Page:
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Temporal range: Middle Eocene - Recent
Muroidea is a large superfamily of rodents. It includes hamsters, gerbils, true mice and rats, and many other relatives. They live on almost every continent except Antarctica. Some scientists have placed all members of this group into a single family, Muridae. Sometimes there are difficulties in knowing how the subfamilies are related to one another.
- Family Platacanthomyidae - incertae sedis - (spiny dormouse and pygmy dormice)
- Family Spalacidae fossorial muroids
- Clade Eumuroida - typical muroids
- Family Calomyscidae
- Family Nesomyidae
- Family Cricetidae
- Family Muridae
- Primary Taxonomic Reference
- Steppan, S. J., R. A. Adkins, and J. Anderson. 2004. Phylogeny and divergence date estimates of rapid radiations in muroid rodents based on multiple nuclear genes. Systematic Biology, 53:533-553.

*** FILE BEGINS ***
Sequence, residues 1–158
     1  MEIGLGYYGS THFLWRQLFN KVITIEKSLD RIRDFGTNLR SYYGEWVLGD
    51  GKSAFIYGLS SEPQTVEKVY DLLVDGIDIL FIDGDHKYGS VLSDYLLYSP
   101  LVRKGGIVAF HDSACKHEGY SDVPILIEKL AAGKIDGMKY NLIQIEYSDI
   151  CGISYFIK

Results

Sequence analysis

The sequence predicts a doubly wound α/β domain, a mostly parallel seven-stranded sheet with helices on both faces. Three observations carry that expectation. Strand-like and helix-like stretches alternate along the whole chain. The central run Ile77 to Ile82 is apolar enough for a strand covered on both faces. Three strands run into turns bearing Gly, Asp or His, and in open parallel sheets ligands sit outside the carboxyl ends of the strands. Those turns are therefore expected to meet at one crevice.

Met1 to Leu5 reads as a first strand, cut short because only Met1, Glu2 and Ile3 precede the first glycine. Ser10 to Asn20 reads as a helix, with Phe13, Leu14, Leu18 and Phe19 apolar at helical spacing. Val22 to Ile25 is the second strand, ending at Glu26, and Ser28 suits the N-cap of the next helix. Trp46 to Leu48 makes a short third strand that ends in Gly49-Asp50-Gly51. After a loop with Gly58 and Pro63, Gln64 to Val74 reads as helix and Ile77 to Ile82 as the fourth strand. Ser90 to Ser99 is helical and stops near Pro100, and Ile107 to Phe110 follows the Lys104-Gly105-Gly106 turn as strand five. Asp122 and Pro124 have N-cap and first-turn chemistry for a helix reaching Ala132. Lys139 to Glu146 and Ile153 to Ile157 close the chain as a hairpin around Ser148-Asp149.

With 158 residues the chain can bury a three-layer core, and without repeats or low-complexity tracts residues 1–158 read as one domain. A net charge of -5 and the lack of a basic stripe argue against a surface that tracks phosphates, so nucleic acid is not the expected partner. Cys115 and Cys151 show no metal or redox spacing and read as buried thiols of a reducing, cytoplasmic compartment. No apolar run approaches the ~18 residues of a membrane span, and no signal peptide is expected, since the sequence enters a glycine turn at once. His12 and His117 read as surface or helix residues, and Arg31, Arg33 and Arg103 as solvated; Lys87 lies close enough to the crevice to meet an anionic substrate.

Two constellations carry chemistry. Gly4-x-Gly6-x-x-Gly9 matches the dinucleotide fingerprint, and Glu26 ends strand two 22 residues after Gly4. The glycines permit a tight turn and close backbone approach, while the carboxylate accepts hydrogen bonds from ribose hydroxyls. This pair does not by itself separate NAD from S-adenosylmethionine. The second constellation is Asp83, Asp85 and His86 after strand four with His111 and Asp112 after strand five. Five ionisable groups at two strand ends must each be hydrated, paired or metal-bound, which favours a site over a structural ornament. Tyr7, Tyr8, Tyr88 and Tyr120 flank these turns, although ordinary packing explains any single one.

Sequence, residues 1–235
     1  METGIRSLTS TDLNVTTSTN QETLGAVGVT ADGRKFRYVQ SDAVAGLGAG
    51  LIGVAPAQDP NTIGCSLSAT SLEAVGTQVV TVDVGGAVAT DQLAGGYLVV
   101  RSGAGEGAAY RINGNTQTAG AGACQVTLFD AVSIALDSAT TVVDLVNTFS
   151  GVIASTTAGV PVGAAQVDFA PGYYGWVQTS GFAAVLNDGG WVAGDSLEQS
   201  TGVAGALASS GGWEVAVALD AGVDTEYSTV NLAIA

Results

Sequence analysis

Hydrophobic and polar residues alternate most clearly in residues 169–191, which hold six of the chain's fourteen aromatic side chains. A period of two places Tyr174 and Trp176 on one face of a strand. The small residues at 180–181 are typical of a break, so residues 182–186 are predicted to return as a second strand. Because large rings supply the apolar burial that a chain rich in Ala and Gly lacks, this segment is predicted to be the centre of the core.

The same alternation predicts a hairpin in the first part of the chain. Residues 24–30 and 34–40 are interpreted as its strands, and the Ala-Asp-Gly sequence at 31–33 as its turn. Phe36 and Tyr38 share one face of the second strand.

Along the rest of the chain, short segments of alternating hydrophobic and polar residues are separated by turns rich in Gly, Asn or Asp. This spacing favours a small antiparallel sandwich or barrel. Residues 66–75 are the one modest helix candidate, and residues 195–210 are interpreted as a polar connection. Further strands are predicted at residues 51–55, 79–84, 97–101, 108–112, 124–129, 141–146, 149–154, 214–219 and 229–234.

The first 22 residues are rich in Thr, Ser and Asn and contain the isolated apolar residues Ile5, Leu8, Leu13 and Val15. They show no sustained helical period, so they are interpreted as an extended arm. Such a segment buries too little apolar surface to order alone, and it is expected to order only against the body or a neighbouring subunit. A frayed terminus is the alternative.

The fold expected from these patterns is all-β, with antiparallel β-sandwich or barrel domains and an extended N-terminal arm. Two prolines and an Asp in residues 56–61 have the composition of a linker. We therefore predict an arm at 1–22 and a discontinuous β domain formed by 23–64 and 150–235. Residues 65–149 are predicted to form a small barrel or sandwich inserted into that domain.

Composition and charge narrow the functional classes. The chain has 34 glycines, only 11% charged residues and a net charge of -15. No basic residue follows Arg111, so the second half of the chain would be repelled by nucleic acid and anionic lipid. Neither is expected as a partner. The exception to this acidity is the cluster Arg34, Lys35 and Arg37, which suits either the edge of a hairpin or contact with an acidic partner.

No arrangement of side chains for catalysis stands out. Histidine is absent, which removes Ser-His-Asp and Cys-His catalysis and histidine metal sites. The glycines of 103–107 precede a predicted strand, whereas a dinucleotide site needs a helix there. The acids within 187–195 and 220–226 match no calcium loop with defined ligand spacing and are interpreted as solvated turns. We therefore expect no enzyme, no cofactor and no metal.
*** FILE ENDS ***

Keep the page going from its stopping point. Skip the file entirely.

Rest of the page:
- Other Taxonomic References
- Jansa, S. A. and M. Weksler. Phylogeny of muroid rodents: relationships within and among major lineages as determined by IRBP gene sequences. Molecular Phylogenetics and Evolution, 31:256-276.
- Michaux, J., A. Reyes, and F. Catzeflis. 2001. Evolutionary history of the most speciose mammals: molecular phylogeny of muroid rodents. Molecular Biology and Evolution, 17:280-293.
- Musser, G. G. and M. D. Carleton. 1993. Family Muridae. Pp. 501-755 in Mammal Species of the World a Taxonomic and Geographic Reference. D. E. Wilson and D. M. Reeder eds. Smithsonian Institution Press, Washington D.C.
- Norris, R. W., K. Y. Zhou, C. Q. Zhou, G. Yang, C. W. Kilpatrick, and R. L. Honeycutt. 2004. The phylogenetic position of the zokors (Myospalacinae) and comments on the families of muroids (Rodentia). Molecular Phylogenetics and Evolution, 31:972-978.